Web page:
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This study was undertaken in order to further explore the phenomenon of avoidance. In particular, the study sought to determine whether or not the supposed avoidance of RCs by L2 learners with prenominal RCs in their NL could be accounted for in terms of the function and distribution of RCs in discourse. A comparison of the IL production of Spanish and Korean students revealed that the Korean students produced significantly fewer RCs than the Spanish students. This finding supported Hypothesis 1, which posited that because of the prenominal position of RCs in their NL, Korean students would produce fewer RCs in English. It was suggested that a large part of the difference in total production was due to three primary factors related to the distribution of RCs in discourse and to discourse level strategies involving RCs.
The first difference was the distribution of the GR of the NPRel and the Head Noun between the two groups. The Korean students demonstrated a preference for S relatives over O and X relatives. The Spanish students used more O relatives than S relatives. The Korean pattern of distribution is best explained as transfer from their NL, and not as avoidance of O relatives (cf. Gass 1980). This study is the first I know of to demonstrate transfer on this level, and as such may be of interest to applied linguists still trying to pin down exactly what aspects of an NL are amenable to transfer in SLA.
The different distribution of the NPRel was indicative of some differences with regard to how the RCs functioned in discourse. The Spanish students used more RCs which performed a grounding function and/or which linked a referent to a first or second person pronominal form. Spanish students and probably native English speakers as well (cf. Fox and Thompson 1990:304) have a strong tendency to link referents to human NPs in the form of pronouns in order to make them relevant. The Korean students rarely used RCs in this way and this contributes to their underproduction with respect to the NL frequency.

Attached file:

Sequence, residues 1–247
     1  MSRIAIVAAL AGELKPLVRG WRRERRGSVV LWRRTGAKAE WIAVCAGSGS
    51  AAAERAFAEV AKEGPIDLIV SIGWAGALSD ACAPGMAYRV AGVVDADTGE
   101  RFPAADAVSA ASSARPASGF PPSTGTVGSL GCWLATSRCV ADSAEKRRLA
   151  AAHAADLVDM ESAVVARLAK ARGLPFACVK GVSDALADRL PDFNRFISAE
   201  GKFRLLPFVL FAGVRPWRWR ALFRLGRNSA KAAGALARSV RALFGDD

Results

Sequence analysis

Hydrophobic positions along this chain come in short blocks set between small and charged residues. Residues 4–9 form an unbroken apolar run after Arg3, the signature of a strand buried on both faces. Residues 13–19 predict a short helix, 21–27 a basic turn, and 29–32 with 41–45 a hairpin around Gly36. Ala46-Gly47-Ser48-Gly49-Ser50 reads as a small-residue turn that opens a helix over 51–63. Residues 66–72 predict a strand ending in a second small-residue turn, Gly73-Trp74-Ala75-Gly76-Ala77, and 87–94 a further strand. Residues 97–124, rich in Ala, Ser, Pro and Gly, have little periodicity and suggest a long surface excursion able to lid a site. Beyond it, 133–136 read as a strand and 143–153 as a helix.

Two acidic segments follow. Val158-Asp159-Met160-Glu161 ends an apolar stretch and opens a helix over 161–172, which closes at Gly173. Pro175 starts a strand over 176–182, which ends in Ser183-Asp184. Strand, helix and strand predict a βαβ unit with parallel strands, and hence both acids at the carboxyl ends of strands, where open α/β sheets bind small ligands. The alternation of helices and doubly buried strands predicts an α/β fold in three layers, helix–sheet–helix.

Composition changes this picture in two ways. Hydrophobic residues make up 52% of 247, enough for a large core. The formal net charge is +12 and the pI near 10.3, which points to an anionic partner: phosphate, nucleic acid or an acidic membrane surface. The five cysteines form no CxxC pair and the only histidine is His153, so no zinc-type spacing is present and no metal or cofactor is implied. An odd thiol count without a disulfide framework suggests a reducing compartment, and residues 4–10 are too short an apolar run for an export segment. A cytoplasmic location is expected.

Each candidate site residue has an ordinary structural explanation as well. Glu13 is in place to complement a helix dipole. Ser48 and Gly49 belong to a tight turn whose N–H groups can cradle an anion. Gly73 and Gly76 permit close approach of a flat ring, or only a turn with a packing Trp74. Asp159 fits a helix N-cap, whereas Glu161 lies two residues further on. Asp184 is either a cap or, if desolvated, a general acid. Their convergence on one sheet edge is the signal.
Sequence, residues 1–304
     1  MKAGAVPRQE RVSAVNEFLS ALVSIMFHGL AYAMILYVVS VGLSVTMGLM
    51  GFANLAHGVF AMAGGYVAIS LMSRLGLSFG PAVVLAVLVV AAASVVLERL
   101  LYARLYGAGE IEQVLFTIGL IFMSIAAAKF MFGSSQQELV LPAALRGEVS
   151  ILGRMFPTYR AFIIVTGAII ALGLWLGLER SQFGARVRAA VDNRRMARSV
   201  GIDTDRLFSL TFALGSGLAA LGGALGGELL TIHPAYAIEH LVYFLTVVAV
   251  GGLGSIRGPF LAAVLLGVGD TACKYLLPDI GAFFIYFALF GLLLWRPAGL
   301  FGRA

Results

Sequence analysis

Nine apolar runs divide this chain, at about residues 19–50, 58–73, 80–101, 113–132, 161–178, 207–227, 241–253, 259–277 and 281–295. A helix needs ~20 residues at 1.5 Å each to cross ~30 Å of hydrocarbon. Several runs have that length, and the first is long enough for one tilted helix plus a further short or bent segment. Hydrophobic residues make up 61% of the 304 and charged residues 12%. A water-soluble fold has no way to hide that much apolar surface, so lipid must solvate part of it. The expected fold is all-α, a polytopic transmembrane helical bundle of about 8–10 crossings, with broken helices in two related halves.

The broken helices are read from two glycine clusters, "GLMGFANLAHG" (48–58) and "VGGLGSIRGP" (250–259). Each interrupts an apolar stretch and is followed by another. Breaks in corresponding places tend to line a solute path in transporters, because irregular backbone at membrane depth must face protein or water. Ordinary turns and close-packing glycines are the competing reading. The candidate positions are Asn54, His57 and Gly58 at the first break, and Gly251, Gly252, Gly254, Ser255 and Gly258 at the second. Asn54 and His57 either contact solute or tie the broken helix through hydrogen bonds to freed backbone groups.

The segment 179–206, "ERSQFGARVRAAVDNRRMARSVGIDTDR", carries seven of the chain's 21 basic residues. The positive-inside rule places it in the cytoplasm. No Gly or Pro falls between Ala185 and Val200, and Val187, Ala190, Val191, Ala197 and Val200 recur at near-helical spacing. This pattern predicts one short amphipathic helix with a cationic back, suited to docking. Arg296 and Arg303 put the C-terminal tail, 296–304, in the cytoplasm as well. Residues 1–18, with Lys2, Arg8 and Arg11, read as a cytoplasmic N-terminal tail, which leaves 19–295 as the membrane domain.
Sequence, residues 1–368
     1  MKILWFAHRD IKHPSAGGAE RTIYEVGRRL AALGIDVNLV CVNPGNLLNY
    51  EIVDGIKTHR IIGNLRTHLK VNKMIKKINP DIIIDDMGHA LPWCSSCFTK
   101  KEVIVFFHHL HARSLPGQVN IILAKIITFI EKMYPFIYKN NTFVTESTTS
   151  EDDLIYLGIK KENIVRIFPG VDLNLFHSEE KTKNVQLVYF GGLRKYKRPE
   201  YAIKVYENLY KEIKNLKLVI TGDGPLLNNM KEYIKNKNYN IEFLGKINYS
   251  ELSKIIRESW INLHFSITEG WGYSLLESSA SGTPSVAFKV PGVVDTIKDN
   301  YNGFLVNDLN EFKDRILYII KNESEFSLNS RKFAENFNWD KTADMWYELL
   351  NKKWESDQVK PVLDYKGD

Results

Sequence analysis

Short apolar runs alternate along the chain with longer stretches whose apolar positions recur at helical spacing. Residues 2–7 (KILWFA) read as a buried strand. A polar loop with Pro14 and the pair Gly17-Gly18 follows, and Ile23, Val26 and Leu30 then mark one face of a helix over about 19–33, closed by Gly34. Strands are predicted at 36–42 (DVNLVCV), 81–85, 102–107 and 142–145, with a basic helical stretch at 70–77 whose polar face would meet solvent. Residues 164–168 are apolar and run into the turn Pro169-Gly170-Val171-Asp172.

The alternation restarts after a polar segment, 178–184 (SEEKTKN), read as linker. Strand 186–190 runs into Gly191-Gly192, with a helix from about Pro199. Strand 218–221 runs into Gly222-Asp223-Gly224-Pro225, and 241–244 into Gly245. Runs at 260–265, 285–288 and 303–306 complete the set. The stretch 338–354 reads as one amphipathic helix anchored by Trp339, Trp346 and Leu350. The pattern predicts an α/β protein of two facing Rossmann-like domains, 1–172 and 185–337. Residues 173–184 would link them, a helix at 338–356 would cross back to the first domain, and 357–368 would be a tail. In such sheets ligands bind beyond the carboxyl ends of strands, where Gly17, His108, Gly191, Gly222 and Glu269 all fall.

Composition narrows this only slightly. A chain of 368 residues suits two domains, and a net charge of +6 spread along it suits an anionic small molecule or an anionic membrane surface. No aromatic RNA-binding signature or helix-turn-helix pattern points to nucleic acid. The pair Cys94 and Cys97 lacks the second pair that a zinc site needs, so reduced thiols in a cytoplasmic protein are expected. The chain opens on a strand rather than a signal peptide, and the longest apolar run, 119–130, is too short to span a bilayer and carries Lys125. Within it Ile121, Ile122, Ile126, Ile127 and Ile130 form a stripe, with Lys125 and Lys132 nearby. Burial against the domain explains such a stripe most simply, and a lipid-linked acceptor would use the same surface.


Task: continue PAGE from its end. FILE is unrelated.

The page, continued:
The second difference was the type of Head Noun used by the two groups. The Spanish data had a much higher incidence of indefinite pronouns and generic Head Nouns that lend themselves to modification by RCs. The Korean students used very few of these, though these forms are acceptable and common in their NL.
The third difference was the discourse function of the RCs. Spanish students used more RCs to identify known referents with old information than the Korean students. They also used more RCs for what I termed “topical cohesion.”
Taken together, these three differences in usage of RCs point toward an explanation for the underproduction of RCs by the Korean students in terms of discourse processes. In other words, these students organize and arrange text in such a way that their production of RCs is lower than that of the Spanish students. There was, however, some evidence that also suggested students might be consciously avoiding the structure.
The Korean students produced more functionally non-native RCs than the Spanish students, and over half of these were clear cases of NL transfer. They commented on the difficulty they had using RCs correctly, and though they frequently used RCs on class compositions, on a midterm placement exam they used few or no RCs. This could be interpreted as an awareness on the part of the Korean students of their own difficulty with the construction which consequently leads to avoidance of the structure. The source of avoidance seems to be, at least on a conscious level, a problem not with the morphosyntax of English RCs but rather with how to use them when encoding particular propositions - a question of function.